Page 31, “A victim of [change] may, through learning adaptation, become a partner of [change], a victim of [change] may, through forethought and planning, become a shaper of [change]. Or a victim of [change] may, through shortsightedness and fear, remain [change’s] victim, [change’s] plaything, [change’s] prey” (Butler 1993). I have taken the liberty (through Lauren’s own logic) of replacing the word ‘God’ with ‘change’ throughout this verse. Lauren worships a god that she believes will pay testament to her survival: Adaptation. If she could have convinced those in her community of the same beliefs, then the change that raped and burned her village to the ground might have been an enlightening experience for them – though, as we know, it was nothing but death.
Olimina has taken God, which has altered the course of the world, and equated Him to an idea, an event; change. “God is change,” after all. In this particular verse, there are traces of her fears and her current state. She sees the world as an ever-moving collection of events that waits for no one. People have two options; they can take control of the change or let it do with them as it pleases, become its “prey.”The personification of change gives an ominous feel to the idea that Lauren uses to stimulate fear and thought. The verse illustrates exactly how her father and his followers blinded themselves to what would eventually come. As they waited for the world to right itself, the world got worse every day. They took no part in shaping the future, the universe; God. There is something to be said here about the different religions in question. Lauren’s Earthseed is very proactive. It forces members to be the protectors of themselves and those around them. Her father and his generation typically pray to their god to help them. “Belief initiates and guides action – or it does nothing.” Lauren’s beliefs lead her to action – a saving grace other religions lack.
As Olimina’s town was desecrated, she acted upon the changes that were tearing her world apart. Others did not. She had been shaping her change for some time, and in essence, her future. She made the grab-and-go pack and she rehearsed the routine of its use. In years before, thanks to her father’s foresight, Lauren had been training to use a gun. Even more proactive, Lauren sought to learn from the past. She read and absorbed all she could about the ways the Earth, though ravaged, could provide for her outside. In her taking the past seriously (in one instance likening their future to the Bubonic Plague), she continued to build upon Earthseed, the ultimate hand in her defense against the currents of change (or destruction) that defiles the land. This new religion is the backbone of her shaping God and gaining followers. Lauren will go on to sow these beliefs in her new group as a way to root the change she knows to be the future of human-kind. Without this change there would be no world for her or anyone else to bring children into (though as she notes, people continue to do so).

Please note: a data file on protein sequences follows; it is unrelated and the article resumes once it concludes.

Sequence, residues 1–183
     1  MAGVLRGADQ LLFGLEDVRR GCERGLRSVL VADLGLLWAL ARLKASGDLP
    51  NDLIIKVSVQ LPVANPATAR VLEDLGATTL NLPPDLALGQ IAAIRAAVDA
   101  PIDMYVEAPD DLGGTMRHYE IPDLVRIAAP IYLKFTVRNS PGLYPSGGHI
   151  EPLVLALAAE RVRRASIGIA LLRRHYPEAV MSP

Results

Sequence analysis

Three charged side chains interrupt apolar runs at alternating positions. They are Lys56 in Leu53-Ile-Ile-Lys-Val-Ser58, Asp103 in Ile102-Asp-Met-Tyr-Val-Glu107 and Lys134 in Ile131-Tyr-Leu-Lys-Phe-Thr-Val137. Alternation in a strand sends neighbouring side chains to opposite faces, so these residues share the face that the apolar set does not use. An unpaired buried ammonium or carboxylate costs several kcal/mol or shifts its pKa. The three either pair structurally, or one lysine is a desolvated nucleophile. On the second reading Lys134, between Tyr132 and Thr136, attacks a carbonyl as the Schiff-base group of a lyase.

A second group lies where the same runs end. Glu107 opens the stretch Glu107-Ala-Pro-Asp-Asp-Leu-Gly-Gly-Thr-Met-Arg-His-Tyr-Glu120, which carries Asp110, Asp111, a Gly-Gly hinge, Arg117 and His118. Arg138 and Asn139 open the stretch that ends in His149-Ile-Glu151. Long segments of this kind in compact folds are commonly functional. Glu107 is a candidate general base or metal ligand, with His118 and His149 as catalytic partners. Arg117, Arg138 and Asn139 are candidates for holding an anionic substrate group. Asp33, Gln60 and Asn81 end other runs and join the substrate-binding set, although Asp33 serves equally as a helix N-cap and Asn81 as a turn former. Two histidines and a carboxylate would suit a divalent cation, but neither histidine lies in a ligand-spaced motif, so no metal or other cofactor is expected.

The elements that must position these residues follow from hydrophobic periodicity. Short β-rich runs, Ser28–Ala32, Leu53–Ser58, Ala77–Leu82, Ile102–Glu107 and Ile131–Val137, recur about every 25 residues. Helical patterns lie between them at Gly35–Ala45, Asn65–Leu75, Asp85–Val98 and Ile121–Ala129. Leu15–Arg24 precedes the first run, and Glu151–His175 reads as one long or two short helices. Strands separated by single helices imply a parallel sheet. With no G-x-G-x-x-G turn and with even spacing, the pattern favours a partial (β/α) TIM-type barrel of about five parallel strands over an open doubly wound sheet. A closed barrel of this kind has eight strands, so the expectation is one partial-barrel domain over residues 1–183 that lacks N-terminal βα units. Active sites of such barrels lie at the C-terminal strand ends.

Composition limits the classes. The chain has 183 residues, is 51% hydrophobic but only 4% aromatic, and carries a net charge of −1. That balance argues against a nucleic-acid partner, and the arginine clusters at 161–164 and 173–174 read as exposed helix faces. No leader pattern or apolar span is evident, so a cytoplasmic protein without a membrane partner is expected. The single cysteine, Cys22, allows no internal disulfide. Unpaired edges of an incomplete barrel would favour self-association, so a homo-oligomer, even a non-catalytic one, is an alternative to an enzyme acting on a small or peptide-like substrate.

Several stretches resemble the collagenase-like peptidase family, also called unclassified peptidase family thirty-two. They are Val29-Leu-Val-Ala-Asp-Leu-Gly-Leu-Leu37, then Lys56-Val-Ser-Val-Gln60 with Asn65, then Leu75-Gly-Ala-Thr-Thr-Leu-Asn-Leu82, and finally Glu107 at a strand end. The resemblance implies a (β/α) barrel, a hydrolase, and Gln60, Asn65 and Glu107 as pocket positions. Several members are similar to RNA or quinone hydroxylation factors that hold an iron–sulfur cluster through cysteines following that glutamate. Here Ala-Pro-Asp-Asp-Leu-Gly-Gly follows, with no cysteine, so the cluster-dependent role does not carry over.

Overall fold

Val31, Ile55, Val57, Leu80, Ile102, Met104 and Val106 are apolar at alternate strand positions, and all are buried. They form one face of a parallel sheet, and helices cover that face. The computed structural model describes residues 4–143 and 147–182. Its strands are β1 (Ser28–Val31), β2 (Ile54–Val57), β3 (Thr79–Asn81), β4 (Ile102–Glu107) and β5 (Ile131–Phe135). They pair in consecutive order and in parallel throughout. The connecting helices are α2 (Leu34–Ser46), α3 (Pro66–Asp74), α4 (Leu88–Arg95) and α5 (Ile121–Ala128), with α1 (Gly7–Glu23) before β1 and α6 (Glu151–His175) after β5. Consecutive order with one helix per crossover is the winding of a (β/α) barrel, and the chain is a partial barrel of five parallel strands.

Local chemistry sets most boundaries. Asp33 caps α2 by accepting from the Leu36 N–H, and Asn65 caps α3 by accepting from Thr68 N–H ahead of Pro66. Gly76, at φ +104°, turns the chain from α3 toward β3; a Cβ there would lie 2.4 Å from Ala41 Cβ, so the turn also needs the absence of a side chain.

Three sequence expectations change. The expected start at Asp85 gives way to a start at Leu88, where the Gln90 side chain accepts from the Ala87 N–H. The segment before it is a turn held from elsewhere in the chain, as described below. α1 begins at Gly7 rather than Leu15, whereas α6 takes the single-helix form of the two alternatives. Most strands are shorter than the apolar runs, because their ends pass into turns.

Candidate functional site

Olivar was a change that some, including Cory, thought would save them. But there it is again; Lauren knows that they must save themselves, “become a shaper of [change].” They must initiate what is to become of the new world. As their houses were torched and screams filled the air, I’m sure at least one person wished they had moved to the corporate town. Lauren may have preferred some do that, too, had she known what was to come. At least, in that case, the people would have had some choice in the shaping of change that came. Change always comes; Lauren resisted leaving the town for fear of the fate of her family – change came anyway. The journal entries don’t address this, but I wonder how she feels now. Would she still stay with her family for those months had she known their deaths were coming, regardless? Her family did not survive as they did not change, not in the slightest. Keith had died because he was rash in his change. Lauren lives because she planned for the coming change. None of them seemed better off, but somehow Lauren’s Earthseed kept her alive. Adaptation, a theme touched upon in the verses of her book, is a fact of life, usually on a grander scale, which has proved self-evident in the case of the town. Lauren urged them to keep adapting, but they stopped at a certain point. As result, she is forced to live without them. This is arguably the most pivotal point in the story; Lauren’s survival as a representation of her religion. It gives her efforts and toils credit that the story had not thus far. Had everyone lived, or she died, or the town won-out, the reader, and maybe even Lauren, would be questioning the legitimacy of Earthseed. Further in the book, when Lauren starts teaching, the book already has worth.